Proposed energy price hikes to cause 'inflation tsunami'

  • 2006-10-18
  • Staff and wire reports
RIGA - Recent proposals sent to the Latvian Public Utilities Regulatory Commission by Latvia's energy monopolies could lead to a phenomenal rise in natural gas and electricity rates next year. The proposed hikes have natural gas prices rising by 25.7-37.1 percent, and electricity rates rising at 10.4 percent for households and 22 percent for businesses.

"Until I see all documents confirming the need for a more than 30 percent price hike, there is no reason to [raise prices]. I would like to see a Gazprom signed agreement with figures. We cannot accept the document in the form that has been submitted to us by Latvijas Gaze," the head of the commission, Valentina Andrejeva, told the Latvian daily Dienas Bizness on
Oct. 17.

Latvijas Gaze recently submitted a proposal to the regulating body that seeks approval for increasing gas prices by 25.7-37.1 percent as of Jan. 1, 2007.
Latvijas Gaze spokesman Vinsents Makaris earlier said that the hike was due to a gas purchase price increase that begins on Jan. 1, 2007. Gas purchase prices are climbing as energy resources become more expensive in Europe and the world.
However, Andrejeva said that the gas price hike would most likely take effect in May of 2007.
Latvia's major electricity provider, Latvenergo, is also planning a 10.4 percent rise for households starting in January 2007. Electricity prices for corporate customers would be 22 percent.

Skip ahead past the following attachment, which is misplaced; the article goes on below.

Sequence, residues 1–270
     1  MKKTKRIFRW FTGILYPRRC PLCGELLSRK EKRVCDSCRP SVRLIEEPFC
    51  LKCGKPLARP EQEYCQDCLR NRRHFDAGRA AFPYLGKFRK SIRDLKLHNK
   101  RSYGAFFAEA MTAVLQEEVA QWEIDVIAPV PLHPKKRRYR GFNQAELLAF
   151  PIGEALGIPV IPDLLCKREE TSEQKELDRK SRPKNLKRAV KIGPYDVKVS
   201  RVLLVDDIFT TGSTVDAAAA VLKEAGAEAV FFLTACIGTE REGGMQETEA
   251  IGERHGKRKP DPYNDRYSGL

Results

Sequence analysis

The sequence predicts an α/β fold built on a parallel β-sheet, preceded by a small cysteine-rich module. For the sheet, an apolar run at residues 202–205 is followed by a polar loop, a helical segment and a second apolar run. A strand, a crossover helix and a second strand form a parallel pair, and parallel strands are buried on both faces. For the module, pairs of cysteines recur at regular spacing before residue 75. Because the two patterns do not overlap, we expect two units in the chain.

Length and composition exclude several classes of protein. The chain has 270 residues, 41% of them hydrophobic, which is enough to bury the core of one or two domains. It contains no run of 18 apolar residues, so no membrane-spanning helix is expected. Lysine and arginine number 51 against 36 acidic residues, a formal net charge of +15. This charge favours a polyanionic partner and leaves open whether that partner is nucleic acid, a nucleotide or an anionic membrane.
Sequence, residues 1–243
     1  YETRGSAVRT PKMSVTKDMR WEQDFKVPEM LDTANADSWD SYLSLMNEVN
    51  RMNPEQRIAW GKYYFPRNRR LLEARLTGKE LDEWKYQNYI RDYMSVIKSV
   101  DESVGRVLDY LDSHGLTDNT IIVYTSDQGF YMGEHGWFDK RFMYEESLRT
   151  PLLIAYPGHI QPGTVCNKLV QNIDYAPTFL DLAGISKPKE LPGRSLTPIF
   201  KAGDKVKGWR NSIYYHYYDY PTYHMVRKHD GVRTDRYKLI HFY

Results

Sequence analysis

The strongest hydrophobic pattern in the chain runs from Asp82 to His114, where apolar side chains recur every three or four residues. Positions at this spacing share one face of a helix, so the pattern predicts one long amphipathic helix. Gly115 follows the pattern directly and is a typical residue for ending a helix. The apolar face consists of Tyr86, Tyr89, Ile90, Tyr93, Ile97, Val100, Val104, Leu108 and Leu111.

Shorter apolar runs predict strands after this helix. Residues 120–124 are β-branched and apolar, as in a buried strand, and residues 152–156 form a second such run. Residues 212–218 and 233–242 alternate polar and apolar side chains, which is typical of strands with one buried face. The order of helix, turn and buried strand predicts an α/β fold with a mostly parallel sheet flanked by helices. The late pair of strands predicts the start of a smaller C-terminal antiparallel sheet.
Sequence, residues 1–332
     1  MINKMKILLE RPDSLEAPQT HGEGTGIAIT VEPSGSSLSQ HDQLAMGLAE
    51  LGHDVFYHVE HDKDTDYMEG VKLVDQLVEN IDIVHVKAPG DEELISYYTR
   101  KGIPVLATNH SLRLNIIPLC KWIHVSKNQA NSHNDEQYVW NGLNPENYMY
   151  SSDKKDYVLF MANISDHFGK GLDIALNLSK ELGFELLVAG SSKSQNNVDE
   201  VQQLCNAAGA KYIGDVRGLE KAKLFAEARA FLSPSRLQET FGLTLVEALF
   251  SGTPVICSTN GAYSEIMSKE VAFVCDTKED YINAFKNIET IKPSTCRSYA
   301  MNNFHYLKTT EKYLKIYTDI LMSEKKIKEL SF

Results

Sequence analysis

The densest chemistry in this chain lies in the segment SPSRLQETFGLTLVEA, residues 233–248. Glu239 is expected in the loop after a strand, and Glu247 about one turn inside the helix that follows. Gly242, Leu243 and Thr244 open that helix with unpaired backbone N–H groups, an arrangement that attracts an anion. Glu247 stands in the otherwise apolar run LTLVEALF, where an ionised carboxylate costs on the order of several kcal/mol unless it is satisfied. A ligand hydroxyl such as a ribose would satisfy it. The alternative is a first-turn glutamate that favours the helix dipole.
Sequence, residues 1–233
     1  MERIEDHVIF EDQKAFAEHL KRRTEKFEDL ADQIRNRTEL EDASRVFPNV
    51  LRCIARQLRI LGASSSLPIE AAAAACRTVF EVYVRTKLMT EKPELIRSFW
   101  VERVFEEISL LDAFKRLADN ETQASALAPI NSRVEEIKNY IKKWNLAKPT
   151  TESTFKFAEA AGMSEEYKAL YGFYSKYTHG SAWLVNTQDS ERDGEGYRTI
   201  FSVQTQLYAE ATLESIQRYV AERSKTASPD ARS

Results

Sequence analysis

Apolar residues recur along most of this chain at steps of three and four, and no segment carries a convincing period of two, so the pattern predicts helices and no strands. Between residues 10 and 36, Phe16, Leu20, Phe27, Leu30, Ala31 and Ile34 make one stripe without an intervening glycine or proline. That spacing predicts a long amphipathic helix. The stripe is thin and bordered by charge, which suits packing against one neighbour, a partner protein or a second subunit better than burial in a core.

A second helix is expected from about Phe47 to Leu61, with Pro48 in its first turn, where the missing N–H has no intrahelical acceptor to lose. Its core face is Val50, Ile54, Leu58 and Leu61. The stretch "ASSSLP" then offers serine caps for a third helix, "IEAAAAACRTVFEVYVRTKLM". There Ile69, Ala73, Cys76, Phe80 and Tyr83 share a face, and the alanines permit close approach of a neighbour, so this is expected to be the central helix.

In regard to electricity prices, the regulator said the commission would try to negotiate a postponement of the electricity hike with Latvia's electricity utility Latvenergo, enabling the new rates to take effect not on Jan. 1, 2007, but possibly on March 1 next year.
The proposed rises could exacerbate Latvia's already high inflation rates, and complicate any desire the country may have in meeting inflation requirements for the euro.

According to SEB Unibanka's market and sector analyst Andris Vilks, the proposed hikes have caused analysts to describe euro adoption between 2010 and 2012 as "mere speculation."
"We forecasted average annual inflation to be around 5.5 percent next year, based on more moderate growth of those prices. If the demands announced currently are accepted, inflation will grow to 6.2-6.5 percent," he said.

Zigurds Vaikulis, a market analyst at Parex Asset Management, told the Baltic News Service that the hike in electricity prices would have a small influence on inflation but the increase of natural gas prices would cause yet another "inflation tsunami."
The inevitable increase of heat energy tariffs would add another 0.8-0.9 percentage point to inflation, said Vaikulis.
On Oct. 13, the commission approved public heating utility Rigas Siltums request for an 11.9 percent price hike on Nov. 15. The company provides 76 percent of Riga's heating.

But the price hikes are not limited to Latvia. Heating prices in Lithuania are also expected to rise by 10-12 percent in 2007.
Lithuanian Prime Minister Gediminas Kirkilas said the price of Russian gas would rise by some 30 percent in 2007, which is less than the rise in 2006, bringing Lithuania's price for gas up to European levels.

Latvijas Gaze purchases, transports, stores and distributes natural gas in Latvia. The largest shareholders in the company are Germany's E.ON Ruhrgas (47.15 percent), Russia's Gazprom (25 percent) and Itera Latvija (25 percent), a Latvian subsidiary of the Russian concern Itera, and others (2.85 percent).
Latvenergo is fully owned by the Latvian state.